Tuesday, April 02, 2013

No Wonder There Is A Mad Expensive And Potentially Privacy Violating Push On PCEHR Signups.

The following appeared today.

E-health take-up 'missing its target'

  • From: The Australian
  • April 02, 2013 12:00AM
THREE Australians have been allowed to use a fake name to sign up for an electronic health record but even taking pseudonyms into account, the federal government will fall well short of its registration target.
Little-known provisions in the Personally Controlled Electronic Health Record program allow people to register using another name for privacy reasons, for example, if they are taking extra precautions to avoid an abusive spouse or are worried their reputation will suffer if their health status becomes publicly known.
But in gaining the right to withhold their identity, the first three Australians to take up the provision for pseudonyms may have also lost the right to claim government benefits.
"You can seek and receive treatment using your pseudonymous Individual Healthcare Identifier, but you can only claim Medicare Benefit Scheme or the Pharmaceutical Benefits Scheme payments using your name on your Medicare card," a spokeswoman for the Department of Health and Ageing said.
The government had hoped to see 500,000 Australians with a PCEHR by July, but as of March 4 there were only 73,648 registrations, with 108 shared health summaries and 51 discharge summaries also uploaded to the system.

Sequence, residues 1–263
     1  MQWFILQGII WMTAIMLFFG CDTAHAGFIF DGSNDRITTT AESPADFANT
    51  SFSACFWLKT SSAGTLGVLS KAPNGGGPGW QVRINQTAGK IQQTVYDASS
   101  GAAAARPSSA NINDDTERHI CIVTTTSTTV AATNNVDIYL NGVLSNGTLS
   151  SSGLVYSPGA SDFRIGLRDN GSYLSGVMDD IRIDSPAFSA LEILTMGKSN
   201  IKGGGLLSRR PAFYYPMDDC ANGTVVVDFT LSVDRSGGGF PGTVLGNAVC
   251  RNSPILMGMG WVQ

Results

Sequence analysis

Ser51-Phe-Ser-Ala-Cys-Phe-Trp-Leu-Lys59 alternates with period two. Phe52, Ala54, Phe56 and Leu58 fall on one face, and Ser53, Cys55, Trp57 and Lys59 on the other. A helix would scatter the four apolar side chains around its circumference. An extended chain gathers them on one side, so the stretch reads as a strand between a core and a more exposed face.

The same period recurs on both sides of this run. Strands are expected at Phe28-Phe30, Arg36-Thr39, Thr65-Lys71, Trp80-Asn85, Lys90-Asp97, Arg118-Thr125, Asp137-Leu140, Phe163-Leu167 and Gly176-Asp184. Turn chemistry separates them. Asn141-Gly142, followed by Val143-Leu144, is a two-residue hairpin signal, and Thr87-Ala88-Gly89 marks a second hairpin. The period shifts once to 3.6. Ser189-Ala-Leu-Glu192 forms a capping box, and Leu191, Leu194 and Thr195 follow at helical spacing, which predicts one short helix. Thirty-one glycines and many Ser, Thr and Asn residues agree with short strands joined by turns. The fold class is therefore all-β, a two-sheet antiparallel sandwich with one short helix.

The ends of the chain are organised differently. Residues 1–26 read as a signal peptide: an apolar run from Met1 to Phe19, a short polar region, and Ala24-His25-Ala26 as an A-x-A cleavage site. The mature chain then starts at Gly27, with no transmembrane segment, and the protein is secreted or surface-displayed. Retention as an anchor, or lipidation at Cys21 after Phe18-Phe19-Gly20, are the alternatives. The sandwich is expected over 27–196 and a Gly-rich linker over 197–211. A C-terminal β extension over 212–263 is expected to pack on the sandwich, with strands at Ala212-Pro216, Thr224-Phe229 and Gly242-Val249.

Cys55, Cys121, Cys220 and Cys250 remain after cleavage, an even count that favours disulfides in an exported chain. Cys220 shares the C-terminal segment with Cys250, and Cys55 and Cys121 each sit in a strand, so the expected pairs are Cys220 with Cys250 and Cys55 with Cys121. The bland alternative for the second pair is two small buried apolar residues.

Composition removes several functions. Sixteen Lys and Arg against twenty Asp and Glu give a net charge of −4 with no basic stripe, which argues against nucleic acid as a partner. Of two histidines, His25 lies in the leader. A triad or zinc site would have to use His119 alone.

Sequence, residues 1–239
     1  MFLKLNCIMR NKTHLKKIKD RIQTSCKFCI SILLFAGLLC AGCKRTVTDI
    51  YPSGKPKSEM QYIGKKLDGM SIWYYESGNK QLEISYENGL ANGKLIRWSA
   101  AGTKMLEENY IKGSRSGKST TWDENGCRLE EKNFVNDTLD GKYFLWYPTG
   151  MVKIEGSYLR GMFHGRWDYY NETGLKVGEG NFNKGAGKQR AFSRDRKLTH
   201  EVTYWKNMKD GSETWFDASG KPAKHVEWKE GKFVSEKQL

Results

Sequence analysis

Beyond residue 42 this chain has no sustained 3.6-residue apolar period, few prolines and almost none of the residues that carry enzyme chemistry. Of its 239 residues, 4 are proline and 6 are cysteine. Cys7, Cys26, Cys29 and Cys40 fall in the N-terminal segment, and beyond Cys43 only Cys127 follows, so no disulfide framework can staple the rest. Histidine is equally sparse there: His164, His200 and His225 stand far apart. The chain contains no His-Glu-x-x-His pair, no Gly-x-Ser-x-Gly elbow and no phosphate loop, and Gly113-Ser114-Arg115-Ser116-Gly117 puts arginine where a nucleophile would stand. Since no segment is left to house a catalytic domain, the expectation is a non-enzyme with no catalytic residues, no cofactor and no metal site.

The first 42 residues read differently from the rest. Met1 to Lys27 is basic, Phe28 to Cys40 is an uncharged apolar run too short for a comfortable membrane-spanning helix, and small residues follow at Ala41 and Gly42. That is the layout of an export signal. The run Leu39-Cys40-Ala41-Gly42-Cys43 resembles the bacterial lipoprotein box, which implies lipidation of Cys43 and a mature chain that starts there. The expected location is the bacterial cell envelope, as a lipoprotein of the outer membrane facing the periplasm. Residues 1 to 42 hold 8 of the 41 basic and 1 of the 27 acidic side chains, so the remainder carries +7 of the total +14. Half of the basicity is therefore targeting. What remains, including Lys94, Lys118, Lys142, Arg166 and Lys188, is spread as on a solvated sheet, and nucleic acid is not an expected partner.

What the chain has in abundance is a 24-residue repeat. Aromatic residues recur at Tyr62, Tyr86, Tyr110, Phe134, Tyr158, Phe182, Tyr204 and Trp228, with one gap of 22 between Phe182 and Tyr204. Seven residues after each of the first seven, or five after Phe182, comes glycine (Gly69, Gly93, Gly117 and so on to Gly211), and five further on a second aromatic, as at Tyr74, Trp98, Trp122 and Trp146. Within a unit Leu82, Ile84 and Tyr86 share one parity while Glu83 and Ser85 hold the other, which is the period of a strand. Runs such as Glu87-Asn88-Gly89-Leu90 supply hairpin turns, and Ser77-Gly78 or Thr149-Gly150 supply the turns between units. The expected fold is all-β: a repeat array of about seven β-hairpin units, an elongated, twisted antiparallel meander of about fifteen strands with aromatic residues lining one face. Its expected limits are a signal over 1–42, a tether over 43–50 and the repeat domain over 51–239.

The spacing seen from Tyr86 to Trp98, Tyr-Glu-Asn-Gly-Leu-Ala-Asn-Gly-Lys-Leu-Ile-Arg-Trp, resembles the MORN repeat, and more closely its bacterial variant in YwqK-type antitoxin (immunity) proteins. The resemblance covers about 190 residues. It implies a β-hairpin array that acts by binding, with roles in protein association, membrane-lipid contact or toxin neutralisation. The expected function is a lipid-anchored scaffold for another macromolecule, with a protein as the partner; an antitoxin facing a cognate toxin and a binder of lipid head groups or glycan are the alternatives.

In February, an average of 705 eHealth records were accessed each day through the Consumer Portal, while healthcare providers had access 6147 times a day.
Opposition health spokesman Peter Dutton has already identified e-health as an area in which the Coalition would seek to deliver value for money.
Other interesting points follow in the rest of the article found here.
To get even half way to their targets DoHA will need to flog every angle it can think of. The desperation may be reflected in this report.

E-health letter free-for-all

 Medicare Local has infuriated GPs by suggesting they tell their patients there is “no cost” for creating shared e-health summaries for the Federal Government’s national e-health system.
The summaries — listing medications, diagnoses, adverse reactions and immunisation histories — are meant to form the backbone of the billion dollar PCEHR. But there has been furious debate over the plan when it emerged the government was providing no dedicated funding to GPs to either create or update the shared summaries.